FOR IMMEDIATE RELEASE
Megan Sever (email@example.com)
Alexandria, Va. – Since hydraulic fracturing operations began in the Marcellus Shale region, debate has raged over whether drilling operations are causing high levels of methane in drinking-water wells. But few systematic scientific studies have been published to date, so it’s unknown if high methane levels are natural or the result of contamination from nearby gas wells. Now, a new study is adding some much-needed baseline data for methane levels in groundwater in New York. The results suggest that at least in some cases methane occurs at naturally high levels in groundwater.
Read more about the findings and what they might mean for oil and gas exploration and production in the Marcellus Shale in the May issue of EARTH Magazine: http://bit.ly/1gRB0Rl.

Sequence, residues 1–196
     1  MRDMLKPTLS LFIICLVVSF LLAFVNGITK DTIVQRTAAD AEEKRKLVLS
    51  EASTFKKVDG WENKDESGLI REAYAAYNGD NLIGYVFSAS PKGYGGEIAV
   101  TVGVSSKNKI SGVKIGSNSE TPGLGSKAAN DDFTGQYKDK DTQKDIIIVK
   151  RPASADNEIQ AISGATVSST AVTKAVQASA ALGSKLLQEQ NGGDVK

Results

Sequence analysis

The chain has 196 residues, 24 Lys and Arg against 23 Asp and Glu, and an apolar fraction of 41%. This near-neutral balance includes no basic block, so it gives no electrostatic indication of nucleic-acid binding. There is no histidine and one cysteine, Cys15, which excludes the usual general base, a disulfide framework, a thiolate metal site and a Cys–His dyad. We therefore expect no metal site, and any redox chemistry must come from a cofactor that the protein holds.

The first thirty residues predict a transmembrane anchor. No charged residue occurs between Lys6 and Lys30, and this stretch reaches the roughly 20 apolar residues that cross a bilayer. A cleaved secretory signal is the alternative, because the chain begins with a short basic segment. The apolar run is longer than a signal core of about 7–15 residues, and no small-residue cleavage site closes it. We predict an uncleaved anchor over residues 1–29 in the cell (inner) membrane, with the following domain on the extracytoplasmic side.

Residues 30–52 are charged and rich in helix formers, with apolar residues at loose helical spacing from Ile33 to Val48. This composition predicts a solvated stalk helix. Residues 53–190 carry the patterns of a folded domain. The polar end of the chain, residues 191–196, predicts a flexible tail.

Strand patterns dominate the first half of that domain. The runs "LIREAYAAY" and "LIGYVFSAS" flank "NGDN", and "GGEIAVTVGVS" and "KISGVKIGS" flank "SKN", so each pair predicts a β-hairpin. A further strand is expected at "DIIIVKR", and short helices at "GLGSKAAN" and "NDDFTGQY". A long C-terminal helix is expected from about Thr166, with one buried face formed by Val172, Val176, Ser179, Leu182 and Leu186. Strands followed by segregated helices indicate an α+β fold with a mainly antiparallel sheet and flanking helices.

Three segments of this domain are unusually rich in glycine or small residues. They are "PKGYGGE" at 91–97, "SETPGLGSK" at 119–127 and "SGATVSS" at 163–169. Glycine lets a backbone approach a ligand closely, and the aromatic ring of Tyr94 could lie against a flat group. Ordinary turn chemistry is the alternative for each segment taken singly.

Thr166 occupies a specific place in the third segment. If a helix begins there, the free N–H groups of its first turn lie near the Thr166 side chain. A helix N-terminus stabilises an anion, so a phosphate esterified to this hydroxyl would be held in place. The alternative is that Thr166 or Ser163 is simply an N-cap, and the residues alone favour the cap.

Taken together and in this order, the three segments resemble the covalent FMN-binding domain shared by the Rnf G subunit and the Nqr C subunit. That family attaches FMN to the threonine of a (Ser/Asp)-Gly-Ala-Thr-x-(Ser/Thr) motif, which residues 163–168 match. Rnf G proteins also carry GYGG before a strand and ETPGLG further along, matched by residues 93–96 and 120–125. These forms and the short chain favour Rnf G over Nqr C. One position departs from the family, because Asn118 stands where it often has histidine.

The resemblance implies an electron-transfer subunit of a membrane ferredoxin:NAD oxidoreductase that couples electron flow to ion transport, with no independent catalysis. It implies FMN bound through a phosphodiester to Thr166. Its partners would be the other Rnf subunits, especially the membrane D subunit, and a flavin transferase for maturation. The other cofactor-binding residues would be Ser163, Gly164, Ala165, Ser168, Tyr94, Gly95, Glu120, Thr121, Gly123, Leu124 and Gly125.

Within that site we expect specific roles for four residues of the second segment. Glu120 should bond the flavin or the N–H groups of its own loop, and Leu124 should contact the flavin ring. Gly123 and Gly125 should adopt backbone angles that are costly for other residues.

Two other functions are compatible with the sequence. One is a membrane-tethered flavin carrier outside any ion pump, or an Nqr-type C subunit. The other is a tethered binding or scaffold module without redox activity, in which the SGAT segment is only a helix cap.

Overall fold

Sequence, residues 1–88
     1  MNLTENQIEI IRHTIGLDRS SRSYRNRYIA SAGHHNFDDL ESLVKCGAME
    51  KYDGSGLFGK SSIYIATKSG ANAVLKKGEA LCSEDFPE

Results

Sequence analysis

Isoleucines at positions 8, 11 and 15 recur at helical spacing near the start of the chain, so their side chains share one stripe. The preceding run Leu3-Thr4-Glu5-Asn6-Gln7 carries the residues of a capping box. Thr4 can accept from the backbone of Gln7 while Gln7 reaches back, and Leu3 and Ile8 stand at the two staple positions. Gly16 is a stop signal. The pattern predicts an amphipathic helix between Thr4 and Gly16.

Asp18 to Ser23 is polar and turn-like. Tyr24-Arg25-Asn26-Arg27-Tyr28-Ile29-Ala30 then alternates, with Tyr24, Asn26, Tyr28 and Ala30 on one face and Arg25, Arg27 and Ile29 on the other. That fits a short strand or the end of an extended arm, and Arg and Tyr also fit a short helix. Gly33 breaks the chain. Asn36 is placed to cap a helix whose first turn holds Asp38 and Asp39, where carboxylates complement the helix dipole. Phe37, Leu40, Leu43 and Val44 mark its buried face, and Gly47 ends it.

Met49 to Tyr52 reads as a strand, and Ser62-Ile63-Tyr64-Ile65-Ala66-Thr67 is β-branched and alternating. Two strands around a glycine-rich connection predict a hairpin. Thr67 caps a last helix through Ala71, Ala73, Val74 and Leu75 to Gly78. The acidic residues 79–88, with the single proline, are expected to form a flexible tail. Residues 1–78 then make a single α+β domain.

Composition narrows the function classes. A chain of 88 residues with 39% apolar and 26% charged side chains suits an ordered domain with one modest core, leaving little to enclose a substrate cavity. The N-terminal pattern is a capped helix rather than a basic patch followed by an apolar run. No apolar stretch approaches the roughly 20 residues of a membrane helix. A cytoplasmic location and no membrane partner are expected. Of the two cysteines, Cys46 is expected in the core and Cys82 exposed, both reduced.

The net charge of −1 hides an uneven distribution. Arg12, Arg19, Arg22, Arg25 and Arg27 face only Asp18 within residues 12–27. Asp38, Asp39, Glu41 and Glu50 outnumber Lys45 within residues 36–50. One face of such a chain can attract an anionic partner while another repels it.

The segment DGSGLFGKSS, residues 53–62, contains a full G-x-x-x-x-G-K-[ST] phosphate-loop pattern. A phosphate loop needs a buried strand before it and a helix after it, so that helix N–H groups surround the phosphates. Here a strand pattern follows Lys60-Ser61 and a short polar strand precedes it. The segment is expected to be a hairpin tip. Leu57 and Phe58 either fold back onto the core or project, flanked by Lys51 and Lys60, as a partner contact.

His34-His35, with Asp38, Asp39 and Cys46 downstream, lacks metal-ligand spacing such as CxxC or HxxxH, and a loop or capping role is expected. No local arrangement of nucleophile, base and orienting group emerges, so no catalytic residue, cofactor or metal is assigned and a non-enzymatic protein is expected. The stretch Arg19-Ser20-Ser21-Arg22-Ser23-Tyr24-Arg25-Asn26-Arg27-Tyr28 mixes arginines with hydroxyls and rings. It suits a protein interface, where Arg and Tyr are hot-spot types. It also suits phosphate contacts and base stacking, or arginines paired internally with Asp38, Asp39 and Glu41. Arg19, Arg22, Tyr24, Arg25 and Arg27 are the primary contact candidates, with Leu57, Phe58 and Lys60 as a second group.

For more stories about the science of our planet, check out EARTH Magazine online or subscribe at www.earthmagazine.org. The May issue, now available on the digital newsstand, features stories on scientists shaking and destroying full-scale buildings in earthquake “lab” exercises, the dramatic ground movement that preceded the formation of a massive sinkhole in Louisiana, and tramping around New Zealand, plus much, much more.
Keep up to date with the latest happenings in Earth, energy and environment news with EARTH magazine online at: http://www.earthmagazine.org/. Published by the American Geosciences Institute, EARTH is your source for the science behind the headlines.
The American Geosciences Institute is a nonprofit federation of 49 geoscientific and professional associations that represents more than 250,000 geologists, geophysicists and other earth scientists. Founded in 1948, AGI provides information services to geoscientists, serves as a voice of shared interests in the profession, plays a major role in strengthening geoscience education, and strives to increase public awareness of the vital role the geosciences play in society's use of resources, resiliency to natural hazards, and interaction with the environment.